How to Check a Vehicle's Coolant/Antifreeze?
Think about the change
The coolant does not last forever. Its change is prescribed by the manufacturer. However, it is easily forgotten because it often falls into the second half of the vehicle’s life, when maintenance according to the manufacturer’s specifications often no longer takes place. Regular checking of the levels of engine oil, brake fluid, and windshield washer fluid should therefore always include an inspection of the coolant reservoir.
If the engine overheats: Stop at all costs
If the engine overheats, it is essential to stop at the earliest opportunity. Then open the engine hood to allow the heat to escape. Then the only thing that can be done is to wait: The engine block must first cool down until you can check the coolant level. If there is still enough in the tank, you can continue driving at low speed – but always with an eye on the warning lights and temperature display on the dashboard. To be on the safe side, you should head for a workshop immediately.
Refilling and changing the coolant
If the coolant level is lower than the “MIN” mark, it must be topped up. For this purpose, a coolant from a specialized dealer should be used. It is not advisable to refill with pure water.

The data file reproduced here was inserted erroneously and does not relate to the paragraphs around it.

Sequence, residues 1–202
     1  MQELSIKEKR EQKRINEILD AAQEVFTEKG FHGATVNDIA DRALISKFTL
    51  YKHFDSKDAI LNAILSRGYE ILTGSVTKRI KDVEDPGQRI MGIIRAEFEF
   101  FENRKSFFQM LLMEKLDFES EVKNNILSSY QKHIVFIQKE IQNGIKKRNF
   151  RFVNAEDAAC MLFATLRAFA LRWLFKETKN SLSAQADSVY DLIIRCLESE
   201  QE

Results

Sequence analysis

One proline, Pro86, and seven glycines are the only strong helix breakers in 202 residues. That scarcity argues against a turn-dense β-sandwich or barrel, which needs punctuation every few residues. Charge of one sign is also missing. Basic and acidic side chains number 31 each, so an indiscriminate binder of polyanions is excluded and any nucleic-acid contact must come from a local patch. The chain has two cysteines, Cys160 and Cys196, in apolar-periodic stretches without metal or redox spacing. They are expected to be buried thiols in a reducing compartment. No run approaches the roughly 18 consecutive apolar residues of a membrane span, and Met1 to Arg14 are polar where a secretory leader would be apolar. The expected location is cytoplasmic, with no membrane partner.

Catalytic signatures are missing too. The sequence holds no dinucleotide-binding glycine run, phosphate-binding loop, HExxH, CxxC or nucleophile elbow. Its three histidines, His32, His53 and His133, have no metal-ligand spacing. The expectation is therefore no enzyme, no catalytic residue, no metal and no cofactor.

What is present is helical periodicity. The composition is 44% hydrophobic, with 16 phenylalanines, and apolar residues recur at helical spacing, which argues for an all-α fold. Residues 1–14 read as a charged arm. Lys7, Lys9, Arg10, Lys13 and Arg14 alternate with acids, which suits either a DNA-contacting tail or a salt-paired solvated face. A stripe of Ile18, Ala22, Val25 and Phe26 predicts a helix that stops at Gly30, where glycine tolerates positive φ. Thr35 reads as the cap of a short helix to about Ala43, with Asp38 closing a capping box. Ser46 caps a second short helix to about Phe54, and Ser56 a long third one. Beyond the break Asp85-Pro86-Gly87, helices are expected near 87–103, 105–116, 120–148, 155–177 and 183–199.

Since coolant also loses its effectiveness over time, it should be completely replaced every two years:
Instructions for changing the coolant
What you need:
- Watering can.
- Collecting vessel.
Change the coolant
Step 1: Drain coolant.
- Allow the engine to cool to prevent burn injuries.
- Place the collection vessel under the drain hole.
- Remove the drain plug.
- Open a bleed screw.
- Allow the coolant to drain completely from the vessel.
- Tighten the loosened drain and vent screws again.
Step 2: Top up coolant.
- Open the engine hood and the lid of the plastic reservoir.
- Fill the coolant into the tank with the watering can until the “MAX” mark is reached. This usually corresponds to five to ten liters.
- Screw the lid back onto the container.
- Now check whether enough fluid has been added: Start the engine and let it run until the operating temperature is reached. If the coolant level does not drop below the “MIN” mark, everything is in order.
When refilling and changing the coolant, the following should be observed:
- The coolant for the vehicle is specified by the manufacturer and can be found in the vehicle’s manual. Incorrect coolant can cause damage to the engine cooling system.
- Antifreeze should not be mixed together as they may have different compositions and therefore different properties.
- If coolant is added, the ratio of water and antifreeze changes. The mixing ratio can be checked with a meter.
The fluid should only be changed and topped up when the engine is cold! As the cooling system is under pressure, serious injuries may occur when opening the lid.
How to check you cars coolant level? - Video
1. The temperature gauge reads hotter than normal when the engine is running. 2. Antifreeze leaks and puddles beneath your vehicle (orange or green fluid). 3. A grinding noise is coming from under the hood of your car. 4. Flecks or bits of rust start to show up in the antifreeze/coolant liquid. 5. Steam or an odor similar to boiling maple syrup is coming from the engine.
It is not advisable to drive or run your car with low coolant because it can lead to damage to your engine.
The most important thing when checking coolant is you need to let your car cool down before you open the system.